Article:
If you are planning to buy a home or refinance your mortgage in 2023, you may have heard about some changes to the fees that Fannie Mae and Freddie Mac charge to lenders based on certain risk factors of the loans they buy from them. These fees are called loan-level price adjustments (LLPAs) and they affect the interest rate or closing costs that you may pay as a borrower.
The Federal Housing Finance Agency (FHFA), which regulates Fannie Mae and Freddie Mac, directed them to update their LLPA framework and pricing matrix starting May 1, 2023.
You may be wondering how these changes will affect you as a homebuyer or a homeowner. In this article, we will explain some misconceptions about the new 2023 LLPAs and why you should not let them discourage you from pursuing your homeownership goals.
An unfortunate misconception
There’s an unfortunate misconception that borrowers with good credit are paying for borrowers with bad credit. The misconception stems from a political vantage point. It's dangerous to politicize housing issues. The reality is, LLPA changes aren't a right or left issue, and those of us in the industry must reject those implications. Politicization simply adds risk when stability is what we strive for.
In truth, the new LLPAs are based on a combination of factors that reflect the risk profile of each loan. Credit score is only one of these factors. Also considered are the loan amount vs. the value of the home (loan-to-value, or LTV) as well as the occupancy type and other factors.
Furthermore, the mortgage industry came together to address concerns about the FHFA’s original plans, which would have increased fees for those with higher debt-to-income ratios. After collaborative consideration, the FHFA acknowledged that higher fees based on debt ratios would work against its efforts to make homeownership more attainable.
Some scenarios are actually better for borrowers than under the old guidelines
There are scenarios for a purchase transaction in which pricing is more favorable under the new pricing matrix. For example:
- A borrower with a FICO credit score of 780 or higher has zero LLPAs (no additional fees) with a 25% down payment.
- A borrower with a credit score of 760-779 has zero LLPAs with 30% down.
Because the new matrix is constructed differently, apples-to-apples comparisons with the prior matrix aren’t necessarily instructive. However, to give a sense for how these well-qualified borrowers may do better under the new matrix, consider that in the past they’d need to have put 40% down to avoid LLPAs (granted, though, the minimum credit score was a bit lower, at 740).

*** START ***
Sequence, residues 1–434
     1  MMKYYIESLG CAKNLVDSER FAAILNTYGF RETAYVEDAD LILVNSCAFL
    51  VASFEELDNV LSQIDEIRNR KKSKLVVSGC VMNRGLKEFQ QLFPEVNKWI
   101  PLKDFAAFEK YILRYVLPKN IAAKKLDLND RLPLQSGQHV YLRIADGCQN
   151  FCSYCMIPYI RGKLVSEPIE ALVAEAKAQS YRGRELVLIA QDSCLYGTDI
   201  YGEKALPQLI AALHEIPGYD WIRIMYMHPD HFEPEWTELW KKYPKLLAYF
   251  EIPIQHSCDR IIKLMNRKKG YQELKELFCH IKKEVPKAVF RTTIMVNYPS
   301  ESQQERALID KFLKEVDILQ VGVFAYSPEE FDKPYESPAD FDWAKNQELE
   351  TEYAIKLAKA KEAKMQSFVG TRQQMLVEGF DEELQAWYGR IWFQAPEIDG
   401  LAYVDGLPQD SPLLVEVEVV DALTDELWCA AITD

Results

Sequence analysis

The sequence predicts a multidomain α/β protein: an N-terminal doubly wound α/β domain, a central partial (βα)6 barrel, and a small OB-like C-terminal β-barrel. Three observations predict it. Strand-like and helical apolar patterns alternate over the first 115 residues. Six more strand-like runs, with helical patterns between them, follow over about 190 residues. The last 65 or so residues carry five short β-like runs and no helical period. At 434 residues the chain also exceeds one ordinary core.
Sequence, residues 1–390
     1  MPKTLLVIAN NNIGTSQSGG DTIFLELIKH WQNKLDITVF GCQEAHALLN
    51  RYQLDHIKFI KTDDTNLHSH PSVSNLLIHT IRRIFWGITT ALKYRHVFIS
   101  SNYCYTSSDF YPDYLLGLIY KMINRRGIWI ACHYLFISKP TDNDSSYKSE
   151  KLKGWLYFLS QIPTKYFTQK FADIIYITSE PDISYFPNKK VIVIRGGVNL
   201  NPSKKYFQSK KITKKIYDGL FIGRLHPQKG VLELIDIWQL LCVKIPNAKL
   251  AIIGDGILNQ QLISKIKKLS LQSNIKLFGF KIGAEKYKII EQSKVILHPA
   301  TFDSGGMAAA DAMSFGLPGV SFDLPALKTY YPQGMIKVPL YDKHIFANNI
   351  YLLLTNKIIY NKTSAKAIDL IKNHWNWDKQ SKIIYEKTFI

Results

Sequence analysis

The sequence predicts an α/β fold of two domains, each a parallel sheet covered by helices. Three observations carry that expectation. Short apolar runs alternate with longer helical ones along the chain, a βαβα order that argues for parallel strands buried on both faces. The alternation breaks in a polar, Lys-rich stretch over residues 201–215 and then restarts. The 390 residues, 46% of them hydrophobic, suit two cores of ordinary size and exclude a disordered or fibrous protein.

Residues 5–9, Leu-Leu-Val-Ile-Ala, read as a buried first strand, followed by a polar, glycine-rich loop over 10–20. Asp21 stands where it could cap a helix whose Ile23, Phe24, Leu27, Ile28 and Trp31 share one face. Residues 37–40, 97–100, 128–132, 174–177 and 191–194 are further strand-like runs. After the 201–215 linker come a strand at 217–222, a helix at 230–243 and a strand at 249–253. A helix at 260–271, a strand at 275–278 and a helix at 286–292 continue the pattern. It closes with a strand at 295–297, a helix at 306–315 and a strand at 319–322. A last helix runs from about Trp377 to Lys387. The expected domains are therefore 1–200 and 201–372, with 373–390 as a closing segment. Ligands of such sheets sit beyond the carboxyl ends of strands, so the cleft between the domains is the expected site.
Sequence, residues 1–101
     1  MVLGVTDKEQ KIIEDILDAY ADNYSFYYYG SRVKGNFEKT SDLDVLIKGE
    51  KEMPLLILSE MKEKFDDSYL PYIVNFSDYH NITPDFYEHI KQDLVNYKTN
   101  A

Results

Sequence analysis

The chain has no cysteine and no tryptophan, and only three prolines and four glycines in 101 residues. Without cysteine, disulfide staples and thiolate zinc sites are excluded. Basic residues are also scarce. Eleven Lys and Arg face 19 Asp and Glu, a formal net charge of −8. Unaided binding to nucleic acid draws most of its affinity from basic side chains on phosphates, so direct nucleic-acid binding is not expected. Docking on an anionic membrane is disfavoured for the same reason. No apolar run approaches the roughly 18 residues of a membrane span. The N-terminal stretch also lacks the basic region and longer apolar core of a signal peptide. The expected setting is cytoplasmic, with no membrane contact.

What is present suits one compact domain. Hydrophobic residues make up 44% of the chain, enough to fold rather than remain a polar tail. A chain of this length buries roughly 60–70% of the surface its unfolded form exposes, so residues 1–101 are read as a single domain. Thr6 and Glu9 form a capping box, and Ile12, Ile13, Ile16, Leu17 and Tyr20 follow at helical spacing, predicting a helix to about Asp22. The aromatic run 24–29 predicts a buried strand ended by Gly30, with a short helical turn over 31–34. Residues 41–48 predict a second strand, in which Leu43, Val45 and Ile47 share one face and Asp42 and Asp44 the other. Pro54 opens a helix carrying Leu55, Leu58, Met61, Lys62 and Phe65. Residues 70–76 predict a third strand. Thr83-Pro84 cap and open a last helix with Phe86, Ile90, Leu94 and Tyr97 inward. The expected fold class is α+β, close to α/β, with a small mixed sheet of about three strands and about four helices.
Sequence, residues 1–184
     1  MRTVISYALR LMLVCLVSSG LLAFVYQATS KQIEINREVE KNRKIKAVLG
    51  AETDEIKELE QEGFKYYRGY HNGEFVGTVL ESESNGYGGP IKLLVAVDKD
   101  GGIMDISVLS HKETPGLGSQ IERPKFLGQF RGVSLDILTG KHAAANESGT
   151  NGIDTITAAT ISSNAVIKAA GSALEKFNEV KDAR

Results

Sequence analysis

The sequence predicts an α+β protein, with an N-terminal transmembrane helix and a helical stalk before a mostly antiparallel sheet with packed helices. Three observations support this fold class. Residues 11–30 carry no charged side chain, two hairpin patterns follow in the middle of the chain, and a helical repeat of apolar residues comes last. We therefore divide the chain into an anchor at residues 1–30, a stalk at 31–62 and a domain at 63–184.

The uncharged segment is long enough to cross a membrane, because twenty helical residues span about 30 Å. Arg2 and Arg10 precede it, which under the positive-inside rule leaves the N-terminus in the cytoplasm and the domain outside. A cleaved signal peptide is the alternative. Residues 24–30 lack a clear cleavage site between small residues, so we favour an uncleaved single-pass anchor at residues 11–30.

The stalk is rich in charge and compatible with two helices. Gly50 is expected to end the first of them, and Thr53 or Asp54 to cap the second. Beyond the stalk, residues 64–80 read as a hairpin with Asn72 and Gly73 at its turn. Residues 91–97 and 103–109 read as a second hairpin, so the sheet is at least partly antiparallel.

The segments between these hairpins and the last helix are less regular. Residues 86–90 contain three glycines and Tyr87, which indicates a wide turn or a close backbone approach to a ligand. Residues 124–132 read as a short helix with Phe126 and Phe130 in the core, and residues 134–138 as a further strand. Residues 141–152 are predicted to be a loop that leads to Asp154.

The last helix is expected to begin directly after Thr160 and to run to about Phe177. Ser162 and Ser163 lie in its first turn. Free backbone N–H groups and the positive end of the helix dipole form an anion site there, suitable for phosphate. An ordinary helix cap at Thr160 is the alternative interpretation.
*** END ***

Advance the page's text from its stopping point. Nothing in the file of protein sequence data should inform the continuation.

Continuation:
When pricing is higher, how much higher is it?
Now let’s look at a situation where someone might pay slightly more and get a sense for just how much that is. Here at Johnson Financial Group, our average mortgage loan size so far in 2023 is about $332,500. Let’s assume the following:
- Fixed-rate loan amount of $332,500 toward a purchase price of $350,000, which equates to a 5% down payment (or 95% loan-to-value ratio)
- Credit score in the range of 720-739
Under the old pricing matrix (but current interest rates), that scenario would imply a rate of 6.8% with monthly principal and interest payments of $2,167.65. Under the new pricing matrix, the rate would be slightly higher, at 6.95%, resulting in monthly principal and interest payments of $2,200.98.
So, in this example, the borrower would pay $33.33 per month more under the new matrix, or about $400 per year. No one would welcome an additional $400 expense, all things considered, but for most homebuyers it’s a small matter relative to building equity and living in a place that suits their needs.
Beyond primary residences, there are some situations in which mortgage pricing will be higher than in the past. These include second homes and investment properties.
Potential benefits for first-time homebuyers
Remember, too, that in other scenarios borrowers actually fare better under the new pricing, as we saw in the earlier example. Another situation where that’s the case is first-time homebuyers who are at or below the median income for their area or are purchasing in designated areas.
Let’s assume again a $332,500 loan toward a purchase price of $350,000 and a credit score in the range of 720-739. This time, though, let’s say the borrower is a first-time homebuyer and at or below the area’s median income. In this case, the rate would be 6.6%, which equates to $2,123.54 of monthly principal.
Bottom line, it’s important to talk to your lender who can help strategize the best down payment scenario for you.
Home values are still appreciating in our area, and purchasing a home is still attractive for many people. If you are interested in buying a home in 2023, you should not let these changes discourage you from pursuing your homeownership goals. We regularly recommend three things to borrowers, and all three ring true as much now as prior to shifts in the market and LLPA pricing changes:
- We advise against trying to time the market, whether that’s purchase prices or interest rates. If you have a life event prompting you and your family to make a move, that’s the time to act. Markets adjust over time, and you may have opportunities (such as refinancing) to adjust with them. The main thing is to meet your family’s needs—and to be as informed as possible as you do so.
- You should work with a knowledgeable and experienced lender who can help you understand what you qualify for and how to make a responsible and informed choice. You should also get pre-approved for a mortgage before you start looking for homes so you know where to focus and can act quickly when the time comes.
- Your lender can recommend a qualified real estate agent who is working for you.
These steps ensure you're in the most confident and advantageous position possible—no matter what’s happening in the market or behind-the-scenes in mortgage markets.